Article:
Most articles on migraines focus on what patients can do to avoid headaches. This is great for getting us involved with our own care, but it’s also one more reason to feel guilty or at fault. You know, when your head is screaming and you’ve got the running commentary going:
“What did I eat today? Was it the chocolate chip cookie, the garlic bread, the grapefruit juice . . .? Oh, I bet it was the hot dog at the baseball game. I can’t go to a game without getting a hot dog. That’s un-American. Did I eat enough today? Maybe I went too long between meals. Or didn’t drink enough water. Was that latte really decaf? Could it be that something in the decaffeinating process triggered my headache? I thought they used Swiss Water Process. Did I stay up too late talking with friends? Spending time with people I love reduces my stress. Don’t I get credit for trying?”
Headache sufferers spend so much time, well, suffering. It’s silly to waste what energy we do have hating ourselves for bringing on our headaches. Because we don’t bring them on ourselves. We can’t expect our families, friends or co-workers to understand this if we constantly blame ourselves for our pain.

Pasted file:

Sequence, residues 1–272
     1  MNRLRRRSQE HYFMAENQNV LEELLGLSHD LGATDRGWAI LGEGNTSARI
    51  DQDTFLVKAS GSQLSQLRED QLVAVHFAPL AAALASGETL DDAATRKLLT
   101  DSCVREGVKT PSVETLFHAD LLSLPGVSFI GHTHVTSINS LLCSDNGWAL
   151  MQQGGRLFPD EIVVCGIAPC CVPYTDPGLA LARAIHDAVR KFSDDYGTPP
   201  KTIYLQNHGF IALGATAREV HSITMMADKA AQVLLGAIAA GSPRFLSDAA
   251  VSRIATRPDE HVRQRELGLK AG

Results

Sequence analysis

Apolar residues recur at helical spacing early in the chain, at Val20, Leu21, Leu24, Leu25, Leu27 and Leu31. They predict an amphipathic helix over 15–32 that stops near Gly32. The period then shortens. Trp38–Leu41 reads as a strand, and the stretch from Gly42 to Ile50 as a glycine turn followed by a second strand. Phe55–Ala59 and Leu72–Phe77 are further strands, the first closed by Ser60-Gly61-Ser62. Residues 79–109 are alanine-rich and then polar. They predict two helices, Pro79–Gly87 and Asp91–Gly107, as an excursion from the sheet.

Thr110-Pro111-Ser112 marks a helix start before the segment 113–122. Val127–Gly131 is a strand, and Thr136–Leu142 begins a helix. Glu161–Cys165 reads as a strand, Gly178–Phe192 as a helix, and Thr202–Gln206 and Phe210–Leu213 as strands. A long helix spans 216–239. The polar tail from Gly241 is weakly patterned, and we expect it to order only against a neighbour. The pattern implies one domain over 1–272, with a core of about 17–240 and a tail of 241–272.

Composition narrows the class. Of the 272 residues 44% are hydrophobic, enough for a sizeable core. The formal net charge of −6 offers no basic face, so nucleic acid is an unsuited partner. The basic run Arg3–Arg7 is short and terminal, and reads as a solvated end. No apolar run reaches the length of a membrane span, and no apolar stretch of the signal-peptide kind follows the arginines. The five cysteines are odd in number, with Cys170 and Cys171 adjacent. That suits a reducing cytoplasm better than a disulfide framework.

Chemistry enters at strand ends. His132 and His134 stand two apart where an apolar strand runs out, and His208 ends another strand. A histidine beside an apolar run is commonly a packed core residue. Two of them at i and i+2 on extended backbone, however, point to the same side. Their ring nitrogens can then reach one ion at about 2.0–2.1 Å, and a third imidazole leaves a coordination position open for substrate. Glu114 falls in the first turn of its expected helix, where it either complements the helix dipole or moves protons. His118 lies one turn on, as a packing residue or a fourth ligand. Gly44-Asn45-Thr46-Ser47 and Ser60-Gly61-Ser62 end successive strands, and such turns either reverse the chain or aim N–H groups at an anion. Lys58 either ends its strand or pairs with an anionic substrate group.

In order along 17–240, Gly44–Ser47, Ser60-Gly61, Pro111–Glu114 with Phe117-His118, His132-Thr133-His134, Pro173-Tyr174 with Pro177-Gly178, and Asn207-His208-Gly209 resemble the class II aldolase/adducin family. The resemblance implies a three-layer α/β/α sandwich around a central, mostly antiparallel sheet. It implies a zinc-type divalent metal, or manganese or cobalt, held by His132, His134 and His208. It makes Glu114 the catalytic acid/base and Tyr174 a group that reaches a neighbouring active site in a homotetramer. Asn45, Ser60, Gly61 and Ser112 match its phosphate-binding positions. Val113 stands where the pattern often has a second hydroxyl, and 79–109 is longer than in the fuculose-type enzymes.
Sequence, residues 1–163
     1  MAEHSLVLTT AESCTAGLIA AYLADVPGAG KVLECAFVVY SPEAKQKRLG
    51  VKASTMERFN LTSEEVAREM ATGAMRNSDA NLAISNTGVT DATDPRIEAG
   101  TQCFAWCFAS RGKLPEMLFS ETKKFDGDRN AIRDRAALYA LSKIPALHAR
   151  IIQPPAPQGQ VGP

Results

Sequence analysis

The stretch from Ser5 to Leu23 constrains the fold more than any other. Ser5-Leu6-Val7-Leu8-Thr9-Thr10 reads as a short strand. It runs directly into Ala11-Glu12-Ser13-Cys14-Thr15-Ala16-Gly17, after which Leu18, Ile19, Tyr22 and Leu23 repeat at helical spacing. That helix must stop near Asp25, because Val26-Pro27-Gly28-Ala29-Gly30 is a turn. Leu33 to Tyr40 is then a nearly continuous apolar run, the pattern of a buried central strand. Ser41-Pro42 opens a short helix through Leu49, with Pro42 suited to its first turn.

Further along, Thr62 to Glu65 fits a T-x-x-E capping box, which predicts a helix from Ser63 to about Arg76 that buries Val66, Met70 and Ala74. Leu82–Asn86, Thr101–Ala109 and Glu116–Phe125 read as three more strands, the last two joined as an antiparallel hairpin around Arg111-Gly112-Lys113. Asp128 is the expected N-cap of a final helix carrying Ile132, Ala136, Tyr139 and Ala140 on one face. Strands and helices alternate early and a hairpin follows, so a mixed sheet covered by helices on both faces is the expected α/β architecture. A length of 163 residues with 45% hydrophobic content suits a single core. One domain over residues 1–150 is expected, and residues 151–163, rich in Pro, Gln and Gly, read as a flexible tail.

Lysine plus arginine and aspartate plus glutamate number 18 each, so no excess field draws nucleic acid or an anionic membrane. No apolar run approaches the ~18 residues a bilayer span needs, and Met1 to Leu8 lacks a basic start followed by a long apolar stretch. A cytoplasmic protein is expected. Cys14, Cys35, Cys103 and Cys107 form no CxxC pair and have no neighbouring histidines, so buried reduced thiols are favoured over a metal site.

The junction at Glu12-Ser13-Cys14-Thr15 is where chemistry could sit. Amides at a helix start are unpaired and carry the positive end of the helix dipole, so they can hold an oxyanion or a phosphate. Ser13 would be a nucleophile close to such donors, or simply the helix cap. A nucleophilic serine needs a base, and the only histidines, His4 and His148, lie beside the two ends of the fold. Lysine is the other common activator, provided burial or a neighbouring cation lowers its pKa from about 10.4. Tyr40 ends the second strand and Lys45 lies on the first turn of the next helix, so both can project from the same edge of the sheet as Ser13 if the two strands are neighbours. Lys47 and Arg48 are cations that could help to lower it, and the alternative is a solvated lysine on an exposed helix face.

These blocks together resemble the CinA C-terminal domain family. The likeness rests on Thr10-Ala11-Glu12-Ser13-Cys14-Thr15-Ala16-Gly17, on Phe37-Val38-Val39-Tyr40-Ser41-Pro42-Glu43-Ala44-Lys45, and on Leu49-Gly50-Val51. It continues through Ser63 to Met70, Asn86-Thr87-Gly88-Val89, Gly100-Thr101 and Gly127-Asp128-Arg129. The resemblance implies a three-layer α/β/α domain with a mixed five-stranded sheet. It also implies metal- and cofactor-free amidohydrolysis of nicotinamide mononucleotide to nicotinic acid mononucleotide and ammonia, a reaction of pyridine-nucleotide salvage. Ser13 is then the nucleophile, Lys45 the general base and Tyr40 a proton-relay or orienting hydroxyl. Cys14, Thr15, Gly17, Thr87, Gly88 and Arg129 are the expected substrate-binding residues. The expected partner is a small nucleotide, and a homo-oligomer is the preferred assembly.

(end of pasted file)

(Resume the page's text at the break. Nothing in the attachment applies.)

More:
You can control parts of your environment. It’s probably not a good idea to eat a particular food when you’re 99% sure it’s a trigger. But you’re not to blame for wanting to enjoy your life when you can. Maybe you could have avoided the headache, maybe not. Once in a while happiness has to outweigh pain.
When I’m in the grip of horrendous pain and furious with myself because I ate the wrong thing or did the wrong thing, I try to remember that I don’t have headaches because I’m bad. OK, maybe this particular headache was triggered by lack of sleep, but this illness isn’t my fault.
It’s stressful to be angry with yourself. That’s a migraine trigger all on its own.
I wrote this in August 2005 and am not sure why I never posted it. I found it, so here it is.